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The technology behind breast cancer lymphedema treatment in clinics has not been updated for a long time. This has made people, suffering from it, experience uncomfortable situations. They have to sit for hours waiting for the current equipment to squeeze the lymph fluid out of their arms and back to where it is supposed to be. Scientists from the University of Waterloo, Canada, have been developing an air microfluidic compression sleeve to tackle this problem.  Their prototype aims to be battery-powered and wearable, allowing patients to be more independent in their lives.

The air microfluidic compression sleeve is being developed by Professor Carolyn Ren at UW, who is also the co-founder of Air Microfluidic Systems.  A multidisciplinary approach has brought together the team working on this device. As part of the visit to Brainport Eindhoven, Professor Ren and Jackie Kormylo explored the different ways in which the Dutch companies could help them further develop their device.

Carolyn Ren

Carolyn Ren

Professor in the Department of Mechanical and
Mechatronics Engineering and director of Waterloo Microfluidics Laboratory

Professor Ren’s team focuses on microfluidic platform technologies enabling a wide range of applications.

Lymphedema is a problem that may occur after breast cancer surgery when the lymph nodes are removed. This disrupts the flow of lymph which leads to swelling. This is a chronic condition without a cure. If it is not treated, “the tissue could die and need amputation,” says Jackie Kormylo, a Biomechanics master’s student at the University of Waterloo and a clinical advisor at Air Microfluidic Systems. Her role as a clinical advisor is to translate the needs of the users and help the development of a patient-driven design.

Currently, the equipment is “noisy, hasn’t been updated since the 80s, and causes physiological problems. There are also these gaps that are not covered on the arm and that’s problematic,” explains Kormylo.

The core of the new technology is an air microfluidic chip with a series of channel networks that enables sequel gradient inflations of an array of soft air bubbles. In this way, it yields compression to the arm. The current prototype has to become a portable device without any gaps. “The quality of life goes way up and that’s game-changing,” notes Kormylo.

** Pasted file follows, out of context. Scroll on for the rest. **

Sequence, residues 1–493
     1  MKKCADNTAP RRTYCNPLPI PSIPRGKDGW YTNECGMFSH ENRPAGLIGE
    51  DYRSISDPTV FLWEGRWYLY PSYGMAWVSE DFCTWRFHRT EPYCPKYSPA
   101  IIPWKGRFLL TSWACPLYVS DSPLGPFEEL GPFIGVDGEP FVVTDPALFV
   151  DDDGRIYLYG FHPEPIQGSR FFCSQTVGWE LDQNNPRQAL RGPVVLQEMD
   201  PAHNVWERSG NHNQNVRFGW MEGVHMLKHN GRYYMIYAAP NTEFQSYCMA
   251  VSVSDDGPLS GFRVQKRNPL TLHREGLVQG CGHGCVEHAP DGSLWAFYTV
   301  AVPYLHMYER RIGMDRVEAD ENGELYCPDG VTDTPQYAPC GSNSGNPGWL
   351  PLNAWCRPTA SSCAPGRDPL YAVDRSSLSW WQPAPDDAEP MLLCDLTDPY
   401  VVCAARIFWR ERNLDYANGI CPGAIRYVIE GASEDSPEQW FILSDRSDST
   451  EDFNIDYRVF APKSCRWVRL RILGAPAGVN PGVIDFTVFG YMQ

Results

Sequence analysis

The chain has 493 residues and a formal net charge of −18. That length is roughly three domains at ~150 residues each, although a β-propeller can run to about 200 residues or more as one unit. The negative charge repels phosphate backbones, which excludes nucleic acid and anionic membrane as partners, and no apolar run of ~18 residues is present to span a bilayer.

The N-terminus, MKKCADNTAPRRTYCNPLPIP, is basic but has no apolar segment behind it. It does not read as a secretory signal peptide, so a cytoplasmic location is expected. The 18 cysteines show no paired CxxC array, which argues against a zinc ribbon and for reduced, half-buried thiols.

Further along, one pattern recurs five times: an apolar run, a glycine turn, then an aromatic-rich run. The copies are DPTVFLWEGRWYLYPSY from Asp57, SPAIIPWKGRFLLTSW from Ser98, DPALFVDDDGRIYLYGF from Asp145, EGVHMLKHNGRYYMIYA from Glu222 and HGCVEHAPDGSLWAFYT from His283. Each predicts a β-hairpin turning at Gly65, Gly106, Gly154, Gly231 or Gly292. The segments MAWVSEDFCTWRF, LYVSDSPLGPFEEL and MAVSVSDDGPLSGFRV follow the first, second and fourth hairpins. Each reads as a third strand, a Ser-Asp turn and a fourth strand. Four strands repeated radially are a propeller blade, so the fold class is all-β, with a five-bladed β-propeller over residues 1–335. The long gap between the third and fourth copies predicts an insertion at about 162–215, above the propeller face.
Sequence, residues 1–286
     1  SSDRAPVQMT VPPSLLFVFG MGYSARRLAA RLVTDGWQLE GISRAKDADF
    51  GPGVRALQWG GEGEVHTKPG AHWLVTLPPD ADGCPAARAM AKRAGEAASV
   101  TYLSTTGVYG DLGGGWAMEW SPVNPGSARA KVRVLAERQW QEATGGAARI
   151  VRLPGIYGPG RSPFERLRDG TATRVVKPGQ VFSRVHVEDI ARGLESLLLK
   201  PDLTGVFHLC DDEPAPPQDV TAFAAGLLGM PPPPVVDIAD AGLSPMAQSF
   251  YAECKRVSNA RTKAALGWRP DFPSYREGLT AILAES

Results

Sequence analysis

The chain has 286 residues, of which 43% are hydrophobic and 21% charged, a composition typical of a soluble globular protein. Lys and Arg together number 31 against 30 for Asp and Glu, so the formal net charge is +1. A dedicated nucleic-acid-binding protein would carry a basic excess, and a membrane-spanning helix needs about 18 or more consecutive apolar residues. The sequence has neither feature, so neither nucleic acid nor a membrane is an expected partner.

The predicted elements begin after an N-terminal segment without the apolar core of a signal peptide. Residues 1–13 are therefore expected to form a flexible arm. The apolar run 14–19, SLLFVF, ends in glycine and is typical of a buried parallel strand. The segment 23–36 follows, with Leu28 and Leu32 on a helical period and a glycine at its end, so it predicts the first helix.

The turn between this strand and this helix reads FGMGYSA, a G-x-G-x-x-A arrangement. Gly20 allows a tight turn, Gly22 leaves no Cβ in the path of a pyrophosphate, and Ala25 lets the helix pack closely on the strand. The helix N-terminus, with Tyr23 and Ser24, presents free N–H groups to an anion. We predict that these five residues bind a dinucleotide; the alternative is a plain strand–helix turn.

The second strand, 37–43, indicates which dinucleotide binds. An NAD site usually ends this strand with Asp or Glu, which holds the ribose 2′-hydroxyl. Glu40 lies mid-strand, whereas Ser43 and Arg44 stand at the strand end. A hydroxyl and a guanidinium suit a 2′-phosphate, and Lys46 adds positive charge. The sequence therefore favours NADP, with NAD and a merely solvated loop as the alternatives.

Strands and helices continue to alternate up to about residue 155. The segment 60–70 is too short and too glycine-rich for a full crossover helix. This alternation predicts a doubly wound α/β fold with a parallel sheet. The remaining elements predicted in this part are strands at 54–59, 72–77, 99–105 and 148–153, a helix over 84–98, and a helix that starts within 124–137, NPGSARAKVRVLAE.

The air microfluidic compression sleeve is still a work in progress. When it is fully developed, it will offer gradient compression needed for treating breast cancer-related lymphedema. The team from UW brought a prototype on their visit so they can showcase what they are working on. “It’s very light. The device that controls it is only 168 grams, the weight of an iPhone 13,” says Professor Ren.

While the device sets a promising solution to the lymphedema treatment problems, there are still improvements that could be done. “The next stage is to completely cover the elbow and armpit areas,” points out Ren. In addition to this, scientists from the UW need to come up with a permanent solution for the bubbles which are currently very fragile. “If something goes wrong with them, the whole device fails. That’s why we brought them in a thick glass, for protection,” adds Ren.

One of the ideas that Kormylo and Professor Ren have about their air microfluidic compression sleeve is to 3D print the bubbles in the sleeve. They are the part of the sleeve that moves the lymph fluid. “This would be a lighter solution and it would let us put the bubbles right onto the inner fabric of the sleeve,” elaborates Kormylo.

Another way to further develop the sleeve is to collaborate with people who specialize in microfluidic and soft wearable robotics. “Scientists here are trying to mimic the same type of biological pumping that we’re doing but for the heart. We are focusing on moving air through specific systems on the arm,” explains Kormylo.

The sleeve will be facing clinical testing soon. “I got three clinics on board through my connections,” says Kormylo. The responses to the new device seem promising. Many people who have just heard about it are happy and want to help, according to Kormylo.

The visit of the UW scientists to Brainport has led to establishing new connections and partnerships. These relationships have the potential to speed up the process of developing new types of technologies. Further this year, there would be an innovation mission but this time to Waterloo, Canada in the first week of November.

Cover photo: The prototype of the air microfluidic sleeve. Source: University of Waterloo

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